If you haven’t read the first part of my experience with Eating Italy Food Tours, take a look here.
After a thorough tour of the Testaccio Market, we were off for a sit-down meal in one of Testaccio’s best restaurants: Flavio al Velavevodetto. The restaurant is located at the base of a (wo)man-made hill that is the result of Romans throwing away their used terracotta pots. If you look closely at the photos below, you’ll see the actual shards of what my tour guide called “Ancient Roman Tupperware.”
Sidenote: The restaurant’s name had a great story behind it–apparently the owner, Flavio, had always dreamed of owning his own restaurant. Unfortunately, he was surrounded by a bunch of naysayers who didn’t believe he’d ever find the money to open his restaurant, so the name he dedicated to them: it basically means “I told ya so”. Love the feistiness, Flavio!
Our table in the restaurant was right next to these three glass windows, offering a peek at the hillside made of pottery.
My attention soon turned from ancient pots to pasta as the waiters dropped off heaping plates of Cacio e Pepe (a simple dish of pasta, Pecorino cheese and freshly ground black pepper), Amatriciana (pasta smothered in a sauce made with a tomato base featuring cured pork cheek and Percorino) and lastly, Carbonara (eggs, cheese, and pancetta.)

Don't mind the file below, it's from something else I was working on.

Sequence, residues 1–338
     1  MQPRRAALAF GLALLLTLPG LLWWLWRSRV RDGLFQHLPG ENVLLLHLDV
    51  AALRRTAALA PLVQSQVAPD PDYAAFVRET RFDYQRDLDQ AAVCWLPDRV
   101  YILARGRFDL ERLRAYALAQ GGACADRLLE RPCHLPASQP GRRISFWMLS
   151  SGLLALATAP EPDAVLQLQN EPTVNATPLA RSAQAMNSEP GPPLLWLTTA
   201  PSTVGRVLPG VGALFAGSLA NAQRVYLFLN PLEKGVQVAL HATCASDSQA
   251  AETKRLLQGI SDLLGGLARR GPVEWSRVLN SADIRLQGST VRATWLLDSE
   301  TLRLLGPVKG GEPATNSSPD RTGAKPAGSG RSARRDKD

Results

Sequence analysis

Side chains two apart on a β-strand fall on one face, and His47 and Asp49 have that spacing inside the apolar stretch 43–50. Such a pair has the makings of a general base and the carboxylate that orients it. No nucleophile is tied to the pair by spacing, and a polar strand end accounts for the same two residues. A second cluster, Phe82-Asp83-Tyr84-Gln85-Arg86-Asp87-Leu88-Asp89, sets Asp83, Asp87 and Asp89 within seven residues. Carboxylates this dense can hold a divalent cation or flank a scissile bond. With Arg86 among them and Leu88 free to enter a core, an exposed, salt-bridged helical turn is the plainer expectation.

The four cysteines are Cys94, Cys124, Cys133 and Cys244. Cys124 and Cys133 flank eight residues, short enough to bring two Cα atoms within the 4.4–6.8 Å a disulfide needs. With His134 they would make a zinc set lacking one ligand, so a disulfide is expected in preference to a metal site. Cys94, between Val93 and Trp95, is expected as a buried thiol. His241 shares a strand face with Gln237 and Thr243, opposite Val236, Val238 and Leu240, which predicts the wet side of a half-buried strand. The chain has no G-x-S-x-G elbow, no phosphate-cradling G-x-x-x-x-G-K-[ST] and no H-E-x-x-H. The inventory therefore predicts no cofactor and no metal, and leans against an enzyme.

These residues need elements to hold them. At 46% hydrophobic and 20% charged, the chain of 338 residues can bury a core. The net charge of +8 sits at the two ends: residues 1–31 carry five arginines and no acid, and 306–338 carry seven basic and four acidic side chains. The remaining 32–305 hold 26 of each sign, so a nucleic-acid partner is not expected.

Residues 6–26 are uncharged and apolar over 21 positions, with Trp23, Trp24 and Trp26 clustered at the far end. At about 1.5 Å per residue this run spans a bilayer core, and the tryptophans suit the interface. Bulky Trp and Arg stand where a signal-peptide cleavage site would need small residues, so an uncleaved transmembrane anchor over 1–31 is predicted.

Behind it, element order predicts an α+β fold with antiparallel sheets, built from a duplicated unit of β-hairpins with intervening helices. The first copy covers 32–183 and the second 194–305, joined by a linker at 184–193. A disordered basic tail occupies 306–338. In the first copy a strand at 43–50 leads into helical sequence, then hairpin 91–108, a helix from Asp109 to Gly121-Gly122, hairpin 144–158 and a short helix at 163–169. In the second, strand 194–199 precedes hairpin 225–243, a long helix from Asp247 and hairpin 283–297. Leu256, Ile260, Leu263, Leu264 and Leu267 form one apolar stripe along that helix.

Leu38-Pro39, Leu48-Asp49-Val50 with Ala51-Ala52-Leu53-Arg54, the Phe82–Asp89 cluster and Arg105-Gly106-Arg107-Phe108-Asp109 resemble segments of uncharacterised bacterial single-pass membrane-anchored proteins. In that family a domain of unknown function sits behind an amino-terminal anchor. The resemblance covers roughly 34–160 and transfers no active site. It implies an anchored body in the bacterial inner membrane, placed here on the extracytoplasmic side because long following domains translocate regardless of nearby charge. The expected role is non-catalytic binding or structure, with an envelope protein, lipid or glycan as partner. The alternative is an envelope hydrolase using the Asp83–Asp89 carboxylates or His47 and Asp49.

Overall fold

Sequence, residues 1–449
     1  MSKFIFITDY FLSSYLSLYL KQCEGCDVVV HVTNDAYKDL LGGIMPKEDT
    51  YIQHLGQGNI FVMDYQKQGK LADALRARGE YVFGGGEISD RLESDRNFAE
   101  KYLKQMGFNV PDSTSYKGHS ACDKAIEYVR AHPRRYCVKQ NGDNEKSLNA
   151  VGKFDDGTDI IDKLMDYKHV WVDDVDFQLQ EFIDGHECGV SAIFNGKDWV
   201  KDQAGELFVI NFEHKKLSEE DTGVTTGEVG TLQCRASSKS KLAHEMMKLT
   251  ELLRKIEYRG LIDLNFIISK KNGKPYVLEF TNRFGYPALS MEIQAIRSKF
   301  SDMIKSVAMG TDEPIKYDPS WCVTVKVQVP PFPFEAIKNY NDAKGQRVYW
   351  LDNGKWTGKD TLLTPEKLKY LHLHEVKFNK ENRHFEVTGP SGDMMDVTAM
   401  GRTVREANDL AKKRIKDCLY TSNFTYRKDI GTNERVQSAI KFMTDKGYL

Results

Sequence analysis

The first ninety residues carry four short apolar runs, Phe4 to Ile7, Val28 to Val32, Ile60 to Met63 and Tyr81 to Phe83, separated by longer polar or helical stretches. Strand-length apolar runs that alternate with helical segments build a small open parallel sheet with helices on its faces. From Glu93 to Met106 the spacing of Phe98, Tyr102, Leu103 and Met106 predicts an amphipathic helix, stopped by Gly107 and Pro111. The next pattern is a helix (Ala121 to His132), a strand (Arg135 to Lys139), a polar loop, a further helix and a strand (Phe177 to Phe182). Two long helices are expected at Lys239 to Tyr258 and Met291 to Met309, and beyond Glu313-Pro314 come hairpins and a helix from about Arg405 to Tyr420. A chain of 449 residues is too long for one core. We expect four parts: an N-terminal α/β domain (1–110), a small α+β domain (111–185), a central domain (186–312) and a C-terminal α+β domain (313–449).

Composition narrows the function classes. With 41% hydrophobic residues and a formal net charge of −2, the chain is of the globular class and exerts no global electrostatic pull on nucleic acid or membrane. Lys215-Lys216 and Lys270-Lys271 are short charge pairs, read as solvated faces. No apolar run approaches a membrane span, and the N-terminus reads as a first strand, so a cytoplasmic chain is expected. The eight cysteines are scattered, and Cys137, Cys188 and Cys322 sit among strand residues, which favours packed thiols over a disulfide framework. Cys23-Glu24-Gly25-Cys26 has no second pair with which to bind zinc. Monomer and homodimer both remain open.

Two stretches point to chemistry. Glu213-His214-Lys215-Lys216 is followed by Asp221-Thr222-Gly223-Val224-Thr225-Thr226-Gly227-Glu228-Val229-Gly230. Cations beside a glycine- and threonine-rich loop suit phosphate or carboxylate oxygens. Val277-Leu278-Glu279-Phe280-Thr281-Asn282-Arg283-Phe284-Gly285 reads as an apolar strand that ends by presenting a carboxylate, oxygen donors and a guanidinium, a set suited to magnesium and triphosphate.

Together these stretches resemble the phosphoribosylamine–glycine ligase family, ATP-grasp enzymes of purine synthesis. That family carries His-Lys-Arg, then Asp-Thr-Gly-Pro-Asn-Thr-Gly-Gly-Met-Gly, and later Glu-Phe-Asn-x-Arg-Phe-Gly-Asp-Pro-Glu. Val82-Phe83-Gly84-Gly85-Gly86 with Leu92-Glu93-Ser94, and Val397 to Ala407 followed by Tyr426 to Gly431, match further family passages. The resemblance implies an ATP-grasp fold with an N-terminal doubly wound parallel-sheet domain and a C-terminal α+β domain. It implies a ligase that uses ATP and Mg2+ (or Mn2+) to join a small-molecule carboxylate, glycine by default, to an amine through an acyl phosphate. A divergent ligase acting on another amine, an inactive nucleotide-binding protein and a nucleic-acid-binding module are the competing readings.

We happily sampled all three Roman specialties over glasses of red and white Italian wine until we were pleasantly stuffed. Pulling on our jackets while noting our pants fit a bit more snugly, the group headed out the door into the crisp winter air. It was time for…you guessed it! Yet a couple more stops.
Roman Fast Food
This fried ball of risotto, along with pizza al taglio, is the Roman take on fast food. Called Supplì, it’s risotto that’s battered in egg and breadcrumbs and then deep-fried. It may not be pretty to look at, but it was delicious.
La Dulce Vita
Our final stop included a lesson on the difference between gelato and ice-cream (gelato is made with whole milk instead of cream, so it’s actually “healthier” for you!) and of course, a generous tasting. I loved how many places in Rome offer fresh, hand-whipped cream to top off your gelato–I couldn’t resist!
Many thanks to Kenny and his team at Eating Italy Food Tours for offering me a complimentary tour of Testaccio; all opinions (and weight gained as a result!) are my own. The tour is 65 Euros for adults and 45 Euros for children, lasts around 4 hours and includes stops at over 7 places with 12 tastings. If you book with them, tell them I sent you!